This One Thing Could Change Disney and Other Theme Parks Forever

Virtual queues will mark the end of snaking lines and long wait times for rides.

Long lines are practically synonymous with theme parks, especially Disney World. (Looking at you, Splash Mountain.) But in the age of coronavirus and social distancing, tightly-packed waiting areas are the last place anyone would want to be—and for good reason. To make the park experience safer, Disney World and Universal Orlando are launching a full-service virtual queue system.

In March, Disney quietly tested a "My Queues" menu on the My Disney Experience App. This sneak peek sparked exciting conversations among Disney fans that a virtual queue could be expanded to all four Disney World theme parks (Magic Kingdom, Epcot, Animal Kingdom, and Hollywood Studios) when they reopen.

Luckily, the change shouldn't be too difficult as both Disney and Universal theme parks had already experimented with the idea in the past. In 2017, Universal Orlando debuted its "Virtual Line" for two popular attractions: Race Through New York Starring Jimmy Fallon and Fast & Furious — Supercharged. In 2019, the park added the option for a third attraction—Hagrid's Magical Creatures Motorbike Adventure—after people complained of waiting up to 11 hours to get on the Harry Potter-themed roller coaster. Guests would make a reservation using Universal's mobile app or the kiosks at the attraction entrance, then show up at that selected time, ready to ride.

woman holds up a virtual line app at Universal Orlando
Universal Orlando

Walt Disney World set up a similar system in late 2019 for the much-anticipated Star Wars: Rise of the Resistance ride. Once inside Disney's Hollywood Studios, guests could open the My Disney Experience app and join a "boarding group," allowing them to explore the park, grab a bite to eat, or go on other rides while they wait. A phone notification would alert them when their group number is called, and they would have two hours to join the line. The only downside? Boarding groups filled up almost immediately by early-risers who got to the park by 9 a.m. In the future, Disney would have to release virtual queues in waves throughout the day, to avoid the morning rush.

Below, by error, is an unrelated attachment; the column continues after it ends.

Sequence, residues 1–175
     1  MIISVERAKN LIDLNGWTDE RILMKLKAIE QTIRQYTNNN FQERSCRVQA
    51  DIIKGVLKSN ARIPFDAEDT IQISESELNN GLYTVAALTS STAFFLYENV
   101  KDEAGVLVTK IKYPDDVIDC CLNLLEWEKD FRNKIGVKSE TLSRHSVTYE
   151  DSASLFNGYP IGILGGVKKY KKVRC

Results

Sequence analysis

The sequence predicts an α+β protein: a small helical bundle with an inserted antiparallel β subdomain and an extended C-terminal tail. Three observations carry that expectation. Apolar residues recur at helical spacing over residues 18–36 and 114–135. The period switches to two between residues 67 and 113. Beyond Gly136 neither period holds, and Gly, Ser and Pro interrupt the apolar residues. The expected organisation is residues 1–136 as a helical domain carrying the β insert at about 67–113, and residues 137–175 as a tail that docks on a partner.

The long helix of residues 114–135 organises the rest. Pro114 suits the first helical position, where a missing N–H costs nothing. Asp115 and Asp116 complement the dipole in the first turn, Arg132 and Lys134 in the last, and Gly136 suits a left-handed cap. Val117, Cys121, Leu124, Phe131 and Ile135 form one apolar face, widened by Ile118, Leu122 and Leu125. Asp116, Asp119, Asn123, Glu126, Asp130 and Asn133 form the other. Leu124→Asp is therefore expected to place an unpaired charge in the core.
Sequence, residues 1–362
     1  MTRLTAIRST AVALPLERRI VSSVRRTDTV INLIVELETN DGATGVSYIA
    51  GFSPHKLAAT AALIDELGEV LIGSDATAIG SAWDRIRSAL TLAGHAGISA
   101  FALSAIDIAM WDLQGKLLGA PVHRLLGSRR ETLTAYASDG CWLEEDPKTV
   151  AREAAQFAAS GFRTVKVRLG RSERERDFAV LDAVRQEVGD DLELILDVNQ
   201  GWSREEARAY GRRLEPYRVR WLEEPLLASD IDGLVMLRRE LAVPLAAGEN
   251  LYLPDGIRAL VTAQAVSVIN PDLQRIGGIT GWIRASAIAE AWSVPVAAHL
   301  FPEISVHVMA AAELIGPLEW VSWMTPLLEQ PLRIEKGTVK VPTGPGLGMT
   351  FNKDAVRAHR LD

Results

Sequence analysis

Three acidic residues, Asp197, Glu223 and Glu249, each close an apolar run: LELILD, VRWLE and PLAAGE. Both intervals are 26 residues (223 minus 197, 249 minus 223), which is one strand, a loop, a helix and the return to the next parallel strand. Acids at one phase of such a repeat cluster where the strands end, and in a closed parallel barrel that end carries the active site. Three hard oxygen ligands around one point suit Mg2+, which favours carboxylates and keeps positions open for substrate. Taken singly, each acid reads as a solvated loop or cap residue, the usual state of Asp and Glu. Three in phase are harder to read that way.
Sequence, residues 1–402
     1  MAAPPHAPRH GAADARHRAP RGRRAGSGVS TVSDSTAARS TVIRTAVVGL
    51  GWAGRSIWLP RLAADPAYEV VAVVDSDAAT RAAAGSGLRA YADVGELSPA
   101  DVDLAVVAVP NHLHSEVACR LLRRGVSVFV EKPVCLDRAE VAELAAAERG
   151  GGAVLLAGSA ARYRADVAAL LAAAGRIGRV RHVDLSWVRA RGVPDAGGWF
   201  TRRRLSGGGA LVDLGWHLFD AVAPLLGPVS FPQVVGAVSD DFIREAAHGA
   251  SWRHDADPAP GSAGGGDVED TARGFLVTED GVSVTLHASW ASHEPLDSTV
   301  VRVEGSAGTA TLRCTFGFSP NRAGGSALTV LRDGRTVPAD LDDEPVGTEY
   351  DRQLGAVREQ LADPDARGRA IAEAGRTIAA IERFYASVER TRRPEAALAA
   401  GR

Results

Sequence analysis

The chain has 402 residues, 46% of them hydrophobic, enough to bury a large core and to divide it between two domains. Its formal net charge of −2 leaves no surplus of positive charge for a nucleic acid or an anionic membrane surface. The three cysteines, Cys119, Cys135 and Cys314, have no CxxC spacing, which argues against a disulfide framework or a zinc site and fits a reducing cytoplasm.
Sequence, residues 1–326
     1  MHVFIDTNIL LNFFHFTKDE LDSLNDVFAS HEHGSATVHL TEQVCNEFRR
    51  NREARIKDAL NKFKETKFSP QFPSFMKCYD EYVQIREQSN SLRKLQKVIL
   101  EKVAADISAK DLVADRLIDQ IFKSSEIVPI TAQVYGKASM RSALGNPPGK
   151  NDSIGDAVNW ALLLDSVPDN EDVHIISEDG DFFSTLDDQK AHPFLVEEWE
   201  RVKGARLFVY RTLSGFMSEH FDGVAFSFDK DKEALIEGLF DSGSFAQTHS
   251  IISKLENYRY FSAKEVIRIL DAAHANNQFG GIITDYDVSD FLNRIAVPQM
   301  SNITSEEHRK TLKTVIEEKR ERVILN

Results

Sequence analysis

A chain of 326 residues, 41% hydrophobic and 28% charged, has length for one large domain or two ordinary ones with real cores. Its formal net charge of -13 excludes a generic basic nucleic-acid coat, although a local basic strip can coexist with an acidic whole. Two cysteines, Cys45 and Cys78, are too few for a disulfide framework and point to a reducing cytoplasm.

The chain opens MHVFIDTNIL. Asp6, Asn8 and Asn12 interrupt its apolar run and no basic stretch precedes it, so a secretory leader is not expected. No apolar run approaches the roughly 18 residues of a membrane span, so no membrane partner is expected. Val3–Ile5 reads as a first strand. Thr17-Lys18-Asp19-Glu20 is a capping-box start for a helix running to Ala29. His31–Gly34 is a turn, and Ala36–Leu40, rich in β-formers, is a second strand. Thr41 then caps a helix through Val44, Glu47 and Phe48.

Note that this virtual queue system is different from Disney's existing FastPass+ program. With the latter, guests have to book ahead of time, instead of when they get to the park itself, which results in a lot of planning pressure. Ideally, Disney would allow both, so people could book three top choices via FastPass+, then spontaneously sign up for virtual queues based on current wait times once they're actually in the park.

A sign outside the new Rise of the Resistance ride at Star Wars: Galaxy's Edge shows the virtual queue closed on opening day, Dec. 5.
Tampa Bay Times via ZUMA Wire / Alamy

As for the waterparks? We expect Disney will look to Universal's Volcano Bay for inspiration. Here, visitors are given waterproof bracelets that connect to Universal's virtual line system. You scan your wristband at kiosks near each slide to secure a ride time. The bracelet has a countdown timer and will vibrate when it's your turn. (Note: You can only tap into one slide at a time, and some will have a "Ride Now!" sign, meaning there's no wait.) To kill time, there are many free things to do like go on the lazy river, jump in the wave pool, or lounge on the sundeck.

The gadget has other nifty features, too. It triggers photos on certain slides—that are then linked to your profile for purchase—and it syncs to certain interactive elements (like water cannons) in the park, so you can "tap to play." You can load your credit card information on it, for cashless payment at gift shops and dining areas, and use it to automatically open storage lockers without memorizing a code.

wristband for rides and slides at Universal Orlando Resort
Helen Sessions / Alamy

All of these high-tech solutions will certainly reduce congestion (and frustration) as fans flock back to theme parks this summer. And for more ways amusement parks may change in the future, check out 7 Things You'll Never See in Theme Parks Ever Again.

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